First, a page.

Irrigated lands cover 8 million hectares (ha) and those under dry farming cover 6.5 million ha, but the latter category has been subject to serious damage imposed by the recent droughts: when comparing dry farming production areas of 1992-1993 with those in 1998-1999 there was a drop from 7.11 million ha to 4.46 million ha. As a result of that, during the same period the total area of farms and orchards declined from 14.36 million ha to 12.32 million ha. At the same time, the total agricultural production increased from 54.22 million tonnes in 1992-1993 to 60.2 million tonnes in 1998-1999.

The area under dry wheat farming was reduced by 45 percent, wheat production by 65 percent, and wheat yields by 37 percent when comparing the year 1993 with 1998-99. This has been the result of the decline in rainfall. To make up for the shortfall, Iran had to import 7 million tonnes of wheat in 1999-2000 which has made it one of the biggest wheat importers in the world.

Water shortage is considered a major factor responsible for the slow growth of agricultural production. Rational and scientific planning in order to secure maximum exploitation of water resources is strongly needed.

2. Irrigation systems in Iran

The limited water resources and the widespread use of unscientific and traditional irrigation systems which result in up to three times higher water consumption than actually needed for production of crops, are the major constraints facing agriculture in Iran. To overcome this a new irrigation improvement programme is being implemented. Its objectives include increasing production rate in the irrigated farming system through rationalization of water resources. The programme focuses on reduction of the negative impacts of drought, using modern irrigation methods.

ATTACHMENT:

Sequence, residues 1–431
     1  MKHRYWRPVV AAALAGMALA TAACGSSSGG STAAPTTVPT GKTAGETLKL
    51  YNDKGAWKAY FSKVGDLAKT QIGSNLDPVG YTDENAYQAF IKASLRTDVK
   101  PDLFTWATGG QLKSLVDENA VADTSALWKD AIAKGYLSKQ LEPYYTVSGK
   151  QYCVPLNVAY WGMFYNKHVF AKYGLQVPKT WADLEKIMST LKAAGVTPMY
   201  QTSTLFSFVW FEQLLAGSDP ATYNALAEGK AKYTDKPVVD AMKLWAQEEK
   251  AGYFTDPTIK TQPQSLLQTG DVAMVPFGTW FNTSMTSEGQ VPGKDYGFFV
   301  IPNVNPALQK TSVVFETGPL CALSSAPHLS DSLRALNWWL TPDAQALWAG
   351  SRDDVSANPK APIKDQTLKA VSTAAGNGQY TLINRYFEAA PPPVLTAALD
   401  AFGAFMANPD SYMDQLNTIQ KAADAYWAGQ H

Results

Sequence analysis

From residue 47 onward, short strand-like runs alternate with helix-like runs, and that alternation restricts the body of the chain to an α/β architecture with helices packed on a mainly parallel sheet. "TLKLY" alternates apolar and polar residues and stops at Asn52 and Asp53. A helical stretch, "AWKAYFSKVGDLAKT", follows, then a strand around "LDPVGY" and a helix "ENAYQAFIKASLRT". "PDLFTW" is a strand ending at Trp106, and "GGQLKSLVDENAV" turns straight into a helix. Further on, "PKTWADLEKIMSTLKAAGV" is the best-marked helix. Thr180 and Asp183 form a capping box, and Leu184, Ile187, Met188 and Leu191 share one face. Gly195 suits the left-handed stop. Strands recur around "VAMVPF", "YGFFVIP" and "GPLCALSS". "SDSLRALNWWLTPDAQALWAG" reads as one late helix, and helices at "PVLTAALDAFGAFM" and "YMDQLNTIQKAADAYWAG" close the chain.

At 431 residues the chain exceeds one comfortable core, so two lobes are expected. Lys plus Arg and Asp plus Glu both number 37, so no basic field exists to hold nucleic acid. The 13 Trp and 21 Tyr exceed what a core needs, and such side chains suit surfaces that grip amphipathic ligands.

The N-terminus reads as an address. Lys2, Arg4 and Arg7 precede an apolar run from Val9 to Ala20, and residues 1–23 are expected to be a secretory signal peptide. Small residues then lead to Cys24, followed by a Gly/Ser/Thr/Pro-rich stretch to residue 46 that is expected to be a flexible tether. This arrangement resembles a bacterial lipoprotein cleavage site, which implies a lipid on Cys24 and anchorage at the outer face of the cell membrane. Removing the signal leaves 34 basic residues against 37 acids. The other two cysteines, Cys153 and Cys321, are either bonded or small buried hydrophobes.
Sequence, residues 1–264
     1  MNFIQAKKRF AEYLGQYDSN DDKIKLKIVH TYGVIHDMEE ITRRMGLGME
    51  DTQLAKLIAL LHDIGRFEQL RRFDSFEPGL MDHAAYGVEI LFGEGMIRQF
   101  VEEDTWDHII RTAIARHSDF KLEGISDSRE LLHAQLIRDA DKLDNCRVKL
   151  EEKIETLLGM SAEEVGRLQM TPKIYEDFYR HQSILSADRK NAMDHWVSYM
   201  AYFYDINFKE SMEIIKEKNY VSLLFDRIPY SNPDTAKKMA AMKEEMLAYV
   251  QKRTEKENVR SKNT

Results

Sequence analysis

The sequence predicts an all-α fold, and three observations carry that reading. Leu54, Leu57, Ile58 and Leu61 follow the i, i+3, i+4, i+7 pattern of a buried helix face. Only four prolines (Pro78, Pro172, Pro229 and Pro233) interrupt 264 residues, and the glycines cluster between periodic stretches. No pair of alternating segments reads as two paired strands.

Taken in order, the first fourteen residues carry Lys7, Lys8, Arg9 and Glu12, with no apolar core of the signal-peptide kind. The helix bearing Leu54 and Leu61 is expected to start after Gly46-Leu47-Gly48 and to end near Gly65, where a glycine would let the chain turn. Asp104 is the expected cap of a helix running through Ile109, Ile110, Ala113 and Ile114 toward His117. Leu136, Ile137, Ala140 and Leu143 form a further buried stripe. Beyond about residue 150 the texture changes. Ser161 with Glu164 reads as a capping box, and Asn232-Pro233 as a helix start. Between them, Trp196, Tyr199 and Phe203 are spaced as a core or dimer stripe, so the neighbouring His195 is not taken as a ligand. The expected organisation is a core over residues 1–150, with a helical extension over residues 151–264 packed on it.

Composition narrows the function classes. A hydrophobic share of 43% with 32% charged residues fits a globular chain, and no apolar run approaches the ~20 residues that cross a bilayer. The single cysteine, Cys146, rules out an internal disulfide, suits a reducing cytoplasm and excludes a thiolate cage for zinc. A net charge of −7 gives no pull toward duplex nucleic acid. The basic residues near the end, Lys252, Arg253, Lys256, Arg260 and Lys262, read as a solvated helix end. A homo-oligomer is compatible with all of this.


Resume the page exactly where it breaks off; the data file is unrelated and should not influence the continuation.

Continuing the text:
There are three common irrigation systems in Iran: surface irrigation, sprinkler irrigation, and gravity drip irrigation.

Surface irrigation system is the oldest and most common system applied. It does not require special equipment and machinery, and if well implemented it is considered to be one of the best systems in Iran. However the water use is wasteful and if poorly used crop yields decline. Surface irrigation is applied as basin irrigation, border irrigation or furrow irrigation.

Soundly managed traditional irrigation system requires 1-1.5 litre of water per second per hectare, while sprinkler systems use only 0.6-0.8 per second. This means that the same amount of water as used in traditional irrigation results in higher production. Sprinkling irrigates the area near the roots meaning that only a small area and only the required soil depth are wetted. This results in lower evaporation rate, as well as reducing the area suitable for weed growth.